In order to be effective, workplace wellness needs to be truly multi-faceted, human centred and community led. Nowadays it is not just about a yoga class here and a bowl of fruit there. Wellness should be stitched into every aspect of a business. From sustainability and the WELL qualities of the built environment, through authentic flexible working policies that work for all types of employees and community outreach programmes that allow a cross-pollination between the company and its surrounding community.
Over the last several decades, staff wellness has become vital to business success, with results ranging from improved retention rates, attraction of the best talent, reduced absenteeism through to improved employee health behaviours. As a rule of thumb, the more human centred these initiatives are, the more successful the results. Yet there are still some segments of the workforce whose needs continue to be misunderstood.
Working parents face unique challenges in achieving a positive work/life balance. Perhaps suffering more than their childless counterparts, a working parent’s life is a juggling act – blending work and life hours together to create a cycle that works both for their career and families. As such, your daily routine becomes dictated to by a small human, which doesn’t always fit with today’s working culture.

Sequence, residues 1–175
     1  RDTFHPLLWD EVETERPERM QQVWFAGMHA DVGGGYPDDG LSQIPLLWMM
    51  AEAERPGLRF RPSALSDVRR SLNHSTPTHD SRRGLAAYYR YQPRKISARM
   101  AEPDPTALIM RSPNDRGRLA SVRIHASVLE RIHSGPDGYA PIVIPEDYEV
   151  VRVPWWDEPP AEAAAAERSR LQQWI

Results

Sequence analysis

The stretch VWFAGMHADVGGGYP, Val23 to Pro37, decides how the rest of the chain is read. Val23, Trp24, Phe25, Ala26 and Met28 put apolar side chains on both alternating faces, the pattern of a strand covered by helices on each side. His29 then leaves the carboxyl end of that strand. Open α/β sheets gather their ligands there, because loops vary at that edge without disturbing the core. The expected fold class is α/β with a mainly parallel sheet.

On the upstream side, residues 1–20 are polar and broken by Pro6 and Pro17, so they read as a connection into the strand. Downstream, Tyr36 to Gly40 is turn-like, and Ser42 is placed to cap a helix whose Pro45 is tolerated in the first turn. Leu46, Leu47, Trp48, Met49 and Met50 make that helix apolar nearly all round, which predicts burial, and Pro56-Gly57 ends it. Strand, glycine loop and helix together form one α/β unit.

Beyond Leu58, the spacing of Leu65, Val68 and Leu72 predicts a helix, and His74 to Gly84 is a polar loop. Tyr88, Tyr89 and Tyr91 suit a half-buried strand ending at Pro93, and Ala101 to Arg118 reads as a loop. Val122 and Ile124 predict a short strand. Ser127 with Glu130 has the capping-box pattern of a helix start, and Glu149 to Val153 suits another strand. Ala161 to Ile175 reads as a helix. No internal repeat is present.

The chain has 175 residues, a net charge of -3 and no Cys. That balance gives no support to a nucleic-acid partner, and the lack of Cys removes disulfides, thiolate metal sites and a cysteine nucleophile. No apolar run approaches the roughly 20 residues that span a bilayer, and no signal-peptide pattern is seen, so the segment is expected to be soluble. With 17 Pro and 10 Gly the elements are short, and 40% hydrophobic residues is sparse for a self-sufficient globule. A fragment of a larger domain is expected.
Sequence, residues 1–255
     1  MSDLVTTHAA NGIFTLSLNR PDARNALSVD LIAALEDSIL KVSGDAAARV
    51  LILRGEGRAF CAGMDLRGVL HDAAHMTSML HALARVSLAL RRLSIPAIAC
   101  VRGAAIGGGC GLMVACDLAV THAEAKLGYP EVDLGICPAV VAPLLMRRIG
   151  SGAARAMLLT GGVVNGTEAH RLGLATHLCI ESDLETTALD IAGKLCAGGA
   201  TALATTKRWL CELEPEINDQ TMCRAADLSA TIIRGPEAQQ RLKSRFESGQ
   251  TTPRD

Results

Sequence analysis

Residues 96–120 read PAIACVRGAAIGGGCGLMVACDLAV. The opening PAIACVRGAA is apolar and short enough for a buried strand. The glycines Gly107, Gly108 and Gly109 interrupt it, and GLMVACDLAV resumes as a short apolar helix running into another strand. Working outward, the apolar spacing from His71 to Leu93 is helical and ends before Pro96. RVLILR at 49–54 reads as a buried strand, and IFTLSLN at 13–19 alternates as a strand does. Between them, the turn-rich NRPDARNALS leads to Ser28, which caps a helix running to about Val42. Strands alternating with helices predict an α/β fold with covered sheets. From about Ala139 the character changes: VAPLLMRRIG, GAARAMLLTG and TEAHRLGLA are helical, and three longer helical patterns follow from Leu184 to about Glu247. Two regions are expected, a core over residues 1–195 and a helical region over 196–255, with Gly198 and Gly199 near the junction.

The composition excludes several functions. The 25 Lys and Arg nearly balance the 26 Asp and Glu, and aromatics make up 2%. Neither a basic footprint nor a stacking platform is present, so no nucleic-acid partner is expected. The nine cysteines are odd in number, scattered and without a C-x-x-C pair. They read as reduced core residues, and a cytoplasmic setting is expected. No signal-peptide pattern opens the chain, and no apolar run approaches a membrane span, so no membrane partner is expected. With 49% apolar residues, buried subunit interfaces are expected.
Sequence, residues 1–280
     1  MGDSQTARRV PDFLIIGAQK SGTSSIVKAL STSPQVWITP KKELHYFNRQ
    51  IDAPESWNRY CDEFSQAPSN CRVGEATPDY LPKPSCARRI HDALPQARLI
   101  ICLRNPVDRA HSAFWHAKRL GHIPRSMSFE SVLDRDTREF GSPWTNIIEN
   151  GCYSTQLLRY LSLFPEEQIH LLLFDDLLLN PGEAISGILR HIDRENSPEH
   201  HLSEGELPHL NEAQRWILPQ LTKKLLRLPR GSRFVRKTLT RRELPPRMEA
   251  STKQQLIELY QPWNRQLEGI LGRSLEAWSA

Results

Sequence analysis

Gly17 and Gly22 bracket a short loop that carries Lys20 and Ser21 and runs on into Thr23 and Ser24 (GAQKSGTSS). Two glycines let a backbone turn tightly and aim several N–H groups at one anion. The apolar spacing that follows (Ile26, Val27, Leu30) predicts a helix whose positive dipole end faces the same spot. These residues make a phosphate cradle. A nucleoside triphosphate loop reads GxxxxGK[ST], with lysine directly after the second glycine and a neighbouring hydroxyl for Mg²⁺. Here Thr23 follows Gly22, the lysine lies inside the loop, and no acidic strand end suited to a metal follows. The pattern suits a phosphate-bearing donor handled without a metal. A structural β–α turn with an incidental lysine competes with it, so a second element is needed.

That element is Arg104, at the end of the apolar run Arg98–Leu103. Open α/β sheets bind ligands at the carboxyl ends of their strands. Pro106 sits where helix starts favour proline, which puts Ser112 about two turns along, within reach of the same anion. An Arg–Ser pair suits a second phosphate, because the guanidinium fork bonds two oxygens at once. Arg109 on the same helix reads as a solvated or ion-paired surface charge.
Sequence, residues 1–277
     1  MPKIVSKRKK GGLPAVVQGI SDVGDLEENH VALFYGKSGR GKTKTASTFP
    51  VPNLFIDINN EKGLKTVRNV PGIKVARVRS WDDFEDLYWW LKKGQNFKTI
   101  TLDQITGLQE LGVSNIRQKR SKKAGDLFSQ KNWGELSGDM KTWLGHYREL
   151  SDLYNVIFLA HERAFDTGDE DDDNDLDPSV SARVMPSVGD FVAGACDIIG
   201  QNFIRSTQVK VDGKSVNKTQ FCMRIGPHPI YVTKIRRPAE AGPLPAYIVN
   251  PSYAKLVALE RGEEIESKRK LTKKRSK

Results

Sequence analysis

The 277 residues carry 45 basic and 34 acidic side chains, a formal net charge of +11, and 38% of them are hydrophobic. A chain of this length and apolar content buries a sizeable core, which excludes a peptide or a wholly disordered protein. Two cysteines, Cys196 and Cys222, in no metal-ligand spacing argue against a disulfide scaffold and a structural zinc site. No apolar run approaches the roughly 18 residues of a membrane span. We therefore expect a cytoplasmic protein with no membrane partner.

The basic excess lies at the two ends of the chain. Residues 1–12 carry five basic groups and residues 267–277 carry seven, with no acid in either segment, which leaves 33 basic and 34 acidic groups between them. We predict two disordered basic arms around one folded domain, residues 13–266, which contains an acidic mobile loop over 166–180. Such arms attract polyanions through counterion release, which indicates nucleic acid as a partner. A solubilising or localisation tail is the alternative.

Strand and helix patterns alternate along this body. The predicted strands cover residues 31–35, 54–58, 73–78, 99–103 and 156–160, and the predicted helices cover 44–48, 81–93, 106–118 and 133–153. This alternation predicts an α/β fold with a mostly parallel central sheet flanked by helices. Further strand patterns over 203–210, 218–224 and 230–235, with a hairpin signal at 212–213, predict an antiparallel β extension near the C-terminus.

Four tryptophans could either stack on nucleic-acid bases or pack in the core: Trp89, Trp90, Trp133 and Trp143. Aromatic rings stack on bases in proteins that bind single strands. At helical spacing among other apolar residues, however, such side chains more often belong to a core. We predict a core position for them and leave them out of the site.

Initiatives such as flexible working, KIT (keeping in touch) days, shared parental leave and parent support programmes have certainly contributed to improvements in the landscape for working parents. However, there is still huge room for improvement in creating an environment that truly fosters wellness at work for parents. Furthermore, the guilt and separation anxiety felt by parents when returning to work has huge psychological impacts contributing to decrease in productivity and mental wellbeing among the parent workforce.
For freelance working parents, who tend to work from home or coffee shops, the above problems can be further aggravated – with loneliness, isolation and lack of socialisation further contributing to mental health issues. All of the above has stimulated people like my business partner Charlie Rosier and I to create spaces that really consider the community in question and put parents at the heart of what we do, responding to what we consider to be the biggest hurdle to returning to work – inflexible costly childcare.
Born of the passion to support families and help bridge the gap between work and life, hybrid spaces like Cuckooz Nest are becoming more commonplace. The lack of flexibility and affordability of childcare is one of the biggest barriers to re-entering the workforce. Will facilities like this become commonplace within large office developments? We think so! The requirements of the occupier of the future have evolved and being able to service employees’ wellness through more than just a wellbeing programme now needs to become a focus for all those involved in developing these built environments.
The founder of hybrid space Cuckooz Nest tells us how venues with flexible childcare on the premises are improving the wellbeing of working parents